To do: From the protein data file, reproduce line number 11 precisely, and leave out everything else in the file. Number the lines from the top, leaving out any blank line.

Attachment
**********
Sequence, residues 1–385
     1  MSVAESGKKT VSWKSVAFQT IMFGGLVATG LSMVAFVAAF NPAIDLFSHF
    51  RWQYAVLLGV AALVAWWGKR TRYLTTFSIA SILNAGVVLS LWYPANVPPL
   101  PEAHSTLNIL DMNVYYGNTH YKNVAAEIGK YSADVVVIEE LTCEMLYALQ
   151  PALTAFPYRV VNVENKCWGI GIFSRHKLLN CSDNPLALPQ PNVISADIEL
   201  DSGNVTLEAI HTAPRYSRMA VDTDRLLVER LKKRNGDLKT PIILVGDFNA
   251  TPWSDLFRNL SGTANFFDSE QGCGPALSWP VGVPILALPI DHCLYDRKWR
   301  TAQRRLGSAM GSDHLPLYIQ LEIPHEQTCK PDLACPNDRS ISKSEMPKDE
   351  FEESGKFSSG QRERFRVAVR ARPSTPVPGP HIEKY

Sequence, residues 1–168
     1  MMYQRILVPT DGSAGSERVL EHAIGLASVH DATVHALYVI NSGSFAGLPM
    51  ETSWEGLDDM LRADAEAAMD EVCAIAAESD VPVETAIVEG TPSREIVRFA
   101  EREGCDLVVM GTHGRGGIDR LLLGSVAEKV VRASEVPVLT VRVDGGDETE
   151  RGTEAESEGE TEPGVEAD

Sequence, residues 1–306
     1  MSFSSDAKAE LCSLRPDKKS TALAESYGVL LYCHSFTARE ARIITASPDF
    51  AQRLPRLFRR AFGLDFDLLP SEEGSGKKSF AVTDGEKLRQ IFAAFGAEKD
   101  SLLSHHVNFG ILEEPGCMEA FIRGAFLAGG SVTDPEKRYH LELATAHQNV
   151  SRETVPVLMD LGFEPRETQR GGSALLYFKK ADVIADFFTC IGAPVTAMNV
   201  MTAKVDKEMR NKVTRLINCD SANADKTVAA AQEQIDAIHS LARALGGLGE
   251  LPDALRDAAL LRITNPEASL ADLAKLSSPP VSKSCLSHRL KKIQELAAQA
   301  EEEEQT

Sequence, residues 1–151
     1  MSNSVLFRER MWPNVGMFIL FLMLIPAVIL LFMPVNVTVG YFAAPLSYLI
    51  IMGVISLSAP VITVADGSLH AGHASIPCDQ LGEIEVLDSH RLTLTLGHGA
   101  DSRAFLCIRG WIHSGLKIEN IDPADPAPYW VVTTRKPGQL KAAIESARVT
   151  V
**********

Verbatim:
     1  MMYQRILVPT DGSAGSERVL EHAIGLASVH DATVHALYVI NSGSFAGLPM